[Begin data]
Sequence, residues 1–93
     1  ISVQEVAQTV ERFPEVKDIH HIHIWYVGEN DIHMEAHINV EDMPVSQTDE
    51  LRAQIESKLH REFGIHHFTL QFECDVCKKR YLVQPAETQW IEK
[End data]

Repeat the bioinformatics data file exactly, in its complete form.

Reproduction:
Sequence, residues 1–93
     1  ISVQEVAQTV ERFPEVKDIH HIHIWYVGEN DIHMEAHINV EDMPVSQTDE
    51  LRAQIESKLH REFGIHHFTL QFECDVCKKR YLVQPAETQW IEK